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POS 2041 Chapter 1 and 2 notes

by: Vyre

POS 2041 Chapter 1 and 2 notes POS 2041

Marketplace > St Petersburg College > History > POS 2041 > POS 2041 Chapter 1 and 2 notes
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These notes are in a powerpoint kind of format. They are aimed for people to quickly look over and review, while at the same time maintaining a good amount of information. The information is on cha...
American National Government
Professor Lightfoot
Class Notes
American Government




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This 4 page Class Notes was uploaded by Vyre on Monday September 12, 2016. The Class Notes belongs to POS 2041 at St Petersburg College taught by Professor Lightfoot in Fall 2016. Since its upload, it has received 11 views. For similar materials see American National Government in History at St Petersburg College.


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Date Created: 09/12/16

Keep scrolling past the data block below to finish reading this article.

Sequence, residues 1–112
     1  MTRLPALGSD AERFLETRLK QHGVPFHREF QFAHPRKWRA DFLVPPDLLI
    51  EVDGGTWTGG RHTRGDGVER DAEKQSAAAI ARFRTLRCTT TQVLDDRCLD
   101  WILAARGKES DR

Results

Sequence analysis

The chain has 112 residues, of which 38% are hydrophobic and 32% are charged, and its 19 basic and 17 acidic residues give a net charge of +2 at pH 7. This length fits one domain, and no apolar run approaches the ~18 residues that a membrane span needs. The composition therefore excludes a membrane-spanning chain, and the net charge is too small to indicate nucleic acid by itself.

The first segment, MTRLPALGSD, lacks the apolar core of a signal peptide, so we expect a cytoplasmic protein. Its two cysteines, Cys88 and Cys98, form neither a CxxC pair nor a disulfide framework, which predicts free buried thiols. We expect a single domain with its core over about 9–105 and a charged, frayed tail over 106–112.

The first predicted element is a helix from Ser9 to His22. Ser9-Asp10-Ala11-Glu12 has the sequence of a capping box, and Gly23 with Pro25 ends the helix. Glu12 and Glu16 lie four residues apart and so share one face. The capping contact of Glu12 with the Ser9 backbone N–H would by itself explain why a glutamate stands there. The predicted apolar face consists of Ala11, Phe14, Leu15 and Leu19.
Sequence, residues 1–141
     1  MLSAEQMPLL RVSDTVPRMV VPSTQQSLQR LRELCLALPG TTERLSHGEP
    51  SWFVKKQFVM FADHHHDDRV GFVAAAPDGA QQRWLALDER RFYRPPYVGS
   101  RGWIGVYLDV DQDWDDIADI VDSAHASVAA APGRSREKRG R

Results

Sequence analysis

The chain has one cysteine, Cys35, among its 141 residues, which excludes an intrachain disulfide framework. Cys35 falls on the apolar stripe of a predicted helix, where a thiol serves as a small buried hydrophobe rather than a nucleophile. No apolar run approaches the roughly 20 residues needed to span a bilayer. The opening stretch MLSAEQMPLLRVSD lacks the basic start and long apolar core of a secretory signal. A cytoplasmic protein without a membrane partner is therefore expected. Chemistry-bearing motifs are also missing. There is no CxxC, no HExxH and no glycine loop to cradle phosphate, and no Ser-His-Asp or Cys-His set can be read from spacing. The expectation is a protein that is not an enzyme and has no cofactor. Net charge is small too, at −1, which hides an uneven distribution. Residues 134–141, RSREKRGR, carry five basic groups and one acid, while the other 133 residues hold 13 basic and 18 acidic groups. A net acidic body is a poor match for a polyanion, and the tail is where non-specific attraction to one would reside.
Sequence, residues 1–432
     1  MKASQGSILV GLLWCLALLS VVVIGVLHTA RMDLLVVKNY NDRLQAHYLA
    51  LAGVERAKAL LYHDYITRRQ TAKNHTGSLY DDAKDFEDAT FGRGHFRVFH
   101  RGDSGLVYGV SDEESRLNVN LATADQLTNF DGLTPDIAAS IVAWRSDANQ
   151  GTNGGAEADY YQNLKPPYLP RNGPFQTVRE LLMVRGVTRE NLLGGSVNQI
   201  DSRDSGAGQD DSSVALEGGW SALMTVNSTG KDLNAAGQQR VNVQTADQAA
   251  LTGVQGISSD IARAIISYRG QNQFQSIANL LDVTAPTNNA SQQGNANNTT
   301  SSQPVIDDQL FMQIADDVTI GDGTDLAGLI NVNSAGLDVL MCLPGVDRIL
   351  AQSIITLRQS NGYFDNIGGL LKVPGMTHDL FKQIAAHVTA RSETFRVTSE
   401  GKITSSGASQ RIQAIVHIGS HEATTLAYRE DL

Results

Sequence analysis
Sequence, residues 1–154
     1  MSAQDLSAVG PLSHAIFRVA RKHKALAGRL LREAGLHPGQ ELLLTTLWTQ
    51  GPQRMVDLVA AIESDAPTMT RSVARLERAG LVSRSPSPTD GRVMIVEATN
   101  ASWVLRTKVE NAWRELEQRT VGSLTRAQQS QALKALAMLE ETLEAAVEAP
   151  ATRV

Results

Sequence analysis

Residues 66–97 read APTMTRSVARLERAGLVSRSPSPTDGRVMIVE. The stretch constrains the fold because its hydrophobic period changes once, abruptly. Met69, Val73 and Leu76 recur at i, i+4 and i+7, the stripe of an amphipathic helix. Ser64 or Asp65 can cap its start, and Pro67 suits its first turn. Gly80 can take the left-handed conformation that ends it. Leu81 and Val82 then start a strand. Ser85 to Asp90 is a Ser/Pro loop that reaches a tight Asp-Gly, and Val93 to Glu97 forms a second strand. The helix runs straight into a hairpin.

Hi everyone I hope you’re ready to pass American Government. American Government Notes  Political efficiency is involved in a repeating circle of things o Trust > Political efficiency > Political Knowledge > Citizenship >  Civic responsibility.  Rousseau created the social contract theory  John Locke created natural rights and consent of the governed   Peoples rights can’t exist without freedom o Demos – people o Kratia – rule  Indirect democracy – USA  Oligarchy – government ruled by few powerful people.  Egypt was a theocracy, Pharaoh was both religious and a political leader  The following table describes the USA’s population over time. 1790 1900 2016 Protestant Protestant Protestant 4 million people 76 million people 319 million people White – 81% White – 88% White – 63% Black – 19% Black – 12% Black – 12% Other ­ .05% Hispanic – 17% Asian – 5% Native American – 1% Direct Democracy  Pros – people participate directly in their government  People have and see their impact in their government Initiative Referendum Recall Groups  National, religion, ethic group, generation, social classes,  workplace Political spectrum Radical ­ Liberal    ­   Moderate     ­    Conservative   ­ Reactionary < Left wing Center           Right wing > Beginning of the end  End of salutary neglect ­1763  Proclamation of – 1763  Quartering act – 1764  Sugar act – 1764  Stamp act – 1765  Declatorry act – 1766  Townshend act – 1767  Boston massacre – 1770  Boston tea party – 1773  Intolerable acts – 1774 st  1  Continental congress – sept 1774  Lexington and Concord – 1775  Richard Henry Lee – Independence  Thomas Paine – Common sense  Declaration of independence – 1776  2  Continental congress, Washington – 1776 The power of money flow from greatest to least 1. New England merchants  2. Southern planters – min of 10 slaves 3. Royalist 4. Small business, craftsman, laborers, artisans 5. Small farmers Articles of Confederation  Adopted – 1777      Ratified – 1781  Unicameral congress – One vote each state  9/13 states need to pass legislation  No separate executive or judiciary   Congress could not regulate interstate or foreign commerce  Congress could not levy or collect taxes  Congress could not raise an army  Amendments required unanimous approval The Virginia Plan  Introduced by Edmund Randolph  Bicameral legislation  Representation based on population  Single executive selected by legislature  Congress can legislate where states are incompetent The New Jersey Plan  Introduced by William Patterson   Unicameral legislature   Equal representation   Plural executive chosen by legislature  Congress has the power to tax and regulate commerce The Great Compromise  Introduced by Roger Sherman  Bicameral legislature  One house based on population  Equal population in the other house  Single executive  Congress given power to tax  All appropriation bills must originate in the house  The slavery issue  3/5 compromise  Separation of powers  Checks and balances  Limited powers  Federalist and anti­federalist Federalist papers Proposing (Federal) Ratifying (state) 2/3 vote congress ¾ state leg approve National convention National convention  Hamilton, Madison, and Jay are responsible for Federalist papers Forbidden from Constitution  Bill of attainder  Ex post facto law


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